ICE sued for rigging an algorithm to incarcerate more immigrants
The percentage of "low risk" detainees for which the algorithm recommended detention without bond from June 2017 to September 2019.
The New York Civil Liberties Union and Bronx Defenders filed a class-action suit against Immigration and Customs Enforcement for unlawfully detaining immigrants, according to reports from Politico and The Intercept. ICE started using the Risk Classification Assessment tool (RCA) in 2013 to determine whether arrested immigrants are released on bond or detained. Initially, 47 percent of these immigrants were released, but from June 2017 to September 2019, only 3 percent managed to get out. The lawsuit alleges immigration officials’ shift to a “No-Release Policy” combined with an update to the RCA affected this change.
Stacking the system — The Freedom of Information Act lawsuit aims to have the New York City area cases from the aforementioned period reviewed by humans and for the RCA to become illegal software. Until mid-2017, the RCA determined whether arrested immigrants were detained or released, either on bond or their own recognizance. The update only allowed the options to be detained or referred to an ICE field officer, who would likely choose detention. ICE confirmed to Politico the agency altered the RCA, citing compliance to an executive order to crack down on illegal immigration.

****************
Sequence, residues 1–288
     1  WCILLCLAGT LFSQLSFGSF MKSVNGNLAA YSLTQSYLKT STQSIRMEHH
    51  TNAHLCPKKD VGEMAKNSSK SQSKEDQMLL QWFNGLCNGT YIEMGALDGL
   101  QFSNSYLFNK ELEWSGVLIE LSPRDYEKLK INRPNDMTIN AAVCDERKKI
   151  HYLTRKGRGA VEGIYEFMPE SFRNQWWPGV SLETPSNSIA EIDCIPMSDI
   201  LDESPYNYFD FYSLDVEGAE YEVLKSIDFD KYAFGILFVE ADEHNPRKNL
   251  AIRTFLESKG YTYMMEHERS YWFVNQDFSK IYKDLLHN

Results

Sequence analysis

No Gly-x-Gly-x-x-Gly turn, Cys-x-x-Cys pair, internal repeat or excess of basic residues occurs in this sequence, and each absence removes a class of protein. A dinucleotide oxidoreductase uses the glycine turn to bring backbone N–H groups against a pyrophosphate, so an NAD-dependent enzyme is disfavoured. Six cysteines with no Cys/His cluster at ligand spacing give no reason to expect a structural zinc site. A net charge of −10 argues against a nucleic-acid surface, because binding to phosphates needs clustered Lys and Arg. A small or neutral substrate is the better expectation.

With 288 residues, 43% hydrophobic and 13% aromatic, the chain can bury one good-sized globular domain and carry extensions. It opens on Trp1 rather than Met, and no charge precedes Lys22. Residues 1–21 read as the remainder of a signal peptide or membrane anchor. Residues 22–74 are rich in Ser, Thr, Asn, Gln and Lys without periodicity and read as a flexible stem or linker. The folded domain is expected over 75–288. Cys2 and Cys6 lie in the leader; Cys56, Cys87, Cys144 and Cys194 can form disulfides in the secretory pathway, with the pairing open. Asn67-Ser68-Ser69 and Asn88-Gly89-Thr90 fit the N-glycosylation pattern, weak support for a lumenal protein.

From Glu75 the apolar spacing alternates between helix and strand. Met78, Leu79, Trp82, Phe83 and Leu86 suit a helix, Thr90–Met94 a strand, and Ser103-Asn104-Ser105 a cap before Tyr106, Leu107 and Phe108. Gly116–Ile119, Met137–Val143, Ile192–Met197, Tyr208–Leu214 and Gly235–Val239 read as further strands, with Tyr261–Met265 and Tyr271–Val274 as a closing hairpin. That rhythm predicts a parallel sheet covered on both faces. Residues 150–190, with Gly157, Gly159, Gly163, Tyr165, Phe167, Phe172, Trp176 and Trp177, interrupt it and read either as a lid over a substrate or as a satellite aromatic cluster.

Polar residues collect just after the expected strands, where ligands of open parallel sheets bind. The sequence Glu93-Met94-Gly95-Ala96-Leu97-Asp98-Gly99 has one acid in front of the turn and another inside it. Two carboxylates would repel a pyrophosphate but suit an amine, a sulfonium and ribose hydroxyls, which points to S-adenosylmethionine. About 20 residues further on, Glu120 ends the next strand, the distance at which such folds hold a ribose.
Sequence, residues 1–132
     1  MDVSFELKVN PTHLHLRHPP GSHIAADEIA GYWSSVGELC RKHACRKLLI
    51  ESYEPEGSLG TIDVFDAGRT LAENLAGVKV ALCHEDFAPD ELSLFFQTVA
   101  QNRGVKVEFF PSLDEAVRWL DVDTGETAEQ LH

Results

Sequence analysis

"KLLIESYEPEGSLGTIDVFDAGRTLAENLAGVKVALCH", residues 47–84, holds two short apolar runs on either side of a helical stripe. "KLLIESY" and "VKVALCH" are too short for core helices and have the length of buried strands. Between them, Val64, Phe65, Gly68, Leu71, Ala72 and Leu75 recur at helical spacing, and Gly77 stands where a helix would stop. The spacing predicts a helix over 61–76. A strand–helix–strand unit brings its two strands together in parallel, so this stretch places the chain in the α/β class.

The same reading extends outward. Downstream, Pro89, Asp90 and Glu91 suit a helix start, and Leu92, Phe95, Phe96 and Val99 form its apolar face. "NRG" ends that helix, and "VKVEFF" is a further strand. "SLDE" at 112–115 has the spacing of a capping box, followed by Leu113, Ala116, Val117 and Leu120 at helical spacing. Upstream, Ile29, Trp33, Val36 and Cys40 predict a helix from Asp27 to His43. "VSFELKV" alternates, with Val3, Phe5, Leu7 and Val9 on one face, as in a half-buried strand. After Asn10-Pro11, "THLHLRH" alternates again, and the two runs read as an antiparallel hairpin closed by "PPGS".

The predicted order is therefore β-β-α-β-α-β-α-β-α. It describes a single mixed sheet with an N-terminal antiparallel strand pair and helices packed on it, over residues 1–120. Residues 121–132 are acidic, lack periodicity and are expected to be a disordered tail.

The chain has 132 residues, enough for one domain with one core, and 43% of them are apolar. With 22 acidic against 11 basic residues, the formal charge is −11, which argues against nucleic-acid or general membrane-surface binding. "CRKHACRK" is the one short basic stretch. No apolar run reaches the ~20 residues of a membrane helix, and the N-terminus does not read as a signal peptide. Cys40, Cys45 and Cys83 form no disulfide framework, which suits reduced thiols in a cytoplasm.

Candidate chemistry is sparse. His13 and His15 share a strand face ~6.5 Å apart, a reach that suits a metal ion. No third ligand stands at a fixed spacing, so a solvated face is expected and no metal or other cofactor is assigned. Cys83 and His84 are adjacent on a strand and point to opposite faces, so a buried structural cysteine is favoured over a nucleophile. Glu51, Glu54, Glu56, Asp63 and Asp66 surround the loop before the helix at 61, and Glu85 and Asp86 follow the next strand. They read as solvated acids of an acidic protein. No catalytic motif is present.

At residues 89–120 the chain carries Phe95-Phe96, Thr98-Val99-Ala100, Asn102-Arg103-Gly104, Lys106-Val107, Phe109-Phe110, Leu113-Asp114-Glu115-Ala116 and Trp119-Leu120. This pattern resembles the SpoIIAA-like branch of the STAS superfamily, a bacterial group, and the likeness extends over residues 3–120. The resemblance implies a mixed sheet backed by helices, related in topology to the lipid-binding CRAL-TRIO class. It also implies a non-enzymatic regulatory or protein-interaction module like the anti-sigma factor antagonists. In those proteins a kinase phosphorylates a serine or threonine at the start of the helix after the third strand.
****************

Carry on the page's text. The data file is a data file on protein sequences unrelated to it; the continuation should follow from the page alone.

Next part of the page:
The lawsuit leverages the FOIA because those arrested didn’t know how they were classified by the algorithm. They were kept in the dark until they could see an immigration judge, and many didn’t have access to a lawyer while they were detained. Thomas Scott-Railton, a fellow at the Bronx Defenders told The Intercept: “The result is that people are detained for weeks, even months, without having been given the actual justification for their detention and without a real chance to challenge it.”
Many of those arrested were not considered flight risks or dangers to the community. According to the suit, ICE’s New York Field Office detained more than 1,800 people eligible for release in 2018 and 760 more in the first nine months of 2019.